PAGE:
Don't do that.

The contract for `hashCode()`

says that two objects that are equal must have the same hashcode. It doesn't guarantee anything for objects that are not equal. What this means is that you could have two objects that are completely different but, by chance, happen to have the same hashcode, thus breaking your `equals()`

.

It is not hard to get hashcode collisions between strings. Consider the core loop from the JDK 8 `String.hashCode()`

implementation:

```
for (int i = 0; i < value.length; i++) {
h = 31 * h + val[i];
}
```

Where the initial value for `h`

is `0`

and `val[i]`

is the numerical value for the character in the *ith* position in the given string. If we take, for example, a string of length 3, this loop can be written as:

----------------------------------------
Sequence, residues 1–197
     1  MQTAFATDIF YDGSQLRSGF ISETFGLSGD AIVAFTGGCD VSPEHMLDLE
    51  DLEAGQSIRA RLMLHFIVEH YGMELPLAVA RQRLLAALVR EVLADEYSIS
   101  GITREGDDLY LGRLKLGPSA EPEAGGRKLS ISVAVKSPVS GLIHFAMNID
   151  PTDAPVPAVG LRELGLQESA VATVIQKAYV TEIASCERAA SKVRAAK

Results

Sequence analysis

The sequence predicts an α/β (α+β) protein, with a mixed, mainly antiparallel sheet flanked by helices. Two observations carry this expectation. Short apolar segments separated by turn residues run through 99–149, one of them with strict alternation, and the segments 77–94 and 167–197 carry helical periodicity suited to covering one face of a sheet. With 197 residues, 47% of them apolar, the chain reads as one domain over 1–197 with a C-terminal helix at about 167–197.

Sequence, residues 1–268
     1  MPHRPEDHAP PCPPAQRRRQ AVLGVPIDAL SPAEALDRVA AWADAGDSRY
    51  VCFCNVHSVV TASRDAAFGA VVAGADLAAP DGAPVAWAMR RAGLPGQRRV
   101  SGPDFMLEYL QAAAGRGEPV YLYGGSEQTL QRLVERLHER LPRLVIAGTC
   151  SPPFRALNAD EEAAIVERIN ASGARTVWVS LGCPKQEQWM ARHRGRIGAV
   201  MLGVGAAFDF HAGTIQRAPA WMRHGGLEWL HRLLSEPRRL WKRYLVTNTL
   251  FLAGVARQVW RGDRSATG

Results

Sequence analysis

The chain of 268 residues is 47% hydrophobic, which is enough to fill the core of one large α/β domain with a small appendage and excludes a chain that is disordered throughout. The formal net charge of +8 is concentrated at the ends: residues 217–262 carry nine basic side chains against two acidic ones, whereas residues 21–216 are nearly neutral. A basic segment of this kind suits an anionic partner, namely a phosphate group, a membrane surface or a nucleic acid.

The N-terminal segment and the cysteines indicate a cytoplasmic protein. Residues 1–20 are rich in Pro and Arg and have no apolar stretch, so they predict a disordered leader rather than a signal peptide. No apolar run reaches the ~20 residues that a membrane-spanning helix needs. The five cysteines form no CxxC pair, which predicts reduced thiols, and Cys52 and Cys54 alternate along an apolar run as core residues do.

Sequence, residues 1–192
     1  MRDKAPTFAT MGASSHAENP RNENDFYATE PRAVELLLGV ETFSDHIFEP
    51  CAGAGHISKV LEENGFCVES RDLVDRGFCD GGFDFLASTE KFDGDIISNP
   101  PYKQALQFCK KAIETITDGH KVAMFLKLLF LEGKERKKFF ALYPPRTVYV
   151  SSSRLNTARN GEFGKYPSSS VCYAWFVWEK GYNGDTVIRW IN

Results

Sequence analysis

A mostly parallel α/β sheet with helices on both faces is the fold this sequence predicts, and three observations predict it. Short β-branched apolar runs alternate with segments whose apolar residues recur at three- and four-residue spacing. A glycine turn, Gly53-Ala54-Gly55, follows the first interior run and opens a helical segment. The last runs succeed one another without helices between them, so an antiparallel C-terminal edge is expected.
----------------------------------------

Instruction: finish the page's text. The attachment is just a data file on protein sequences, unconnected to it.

```
h = 31 * (31 * val[0] + val[1]) + val[2];
```

If we choose an arbitrary string, such as `"abZ"`

, we have:

```
h("abZ") = 31 * (31 * 'a' + 'b') + 'Z'
h("abZ") = 31 * (31 * 97 + 98) + 90
h("abZ") = 96345
```

Then we can subtract `1`

from `val[1]`

while adding `31`

to `val[2]`

, which gives us the string `"aay"`

:

```
h("aay") = 31 * (31 * 'a' + 'a') + 'y'
h("aay") = 31 * (31 * 97 + 97) + 121
h("aay") = 96345
```

Resulting in a collision: `h("abZ") == h("aay") == 96345`

.

Also, note that your `equals()`

implementation does not check if you are comparing objects of the same type. So, supposing you had `this.hashCode() == 96345`

, the following statement would return `true`

:

```
yourObject.equals(Integer.valueOf(96345))
```

Which is probably not what you want.

`#equals()`

,`#hashCode()`

and`#toString()`

for you, so you don't have to care about that. – Tom Apr 27 '15 at 18:50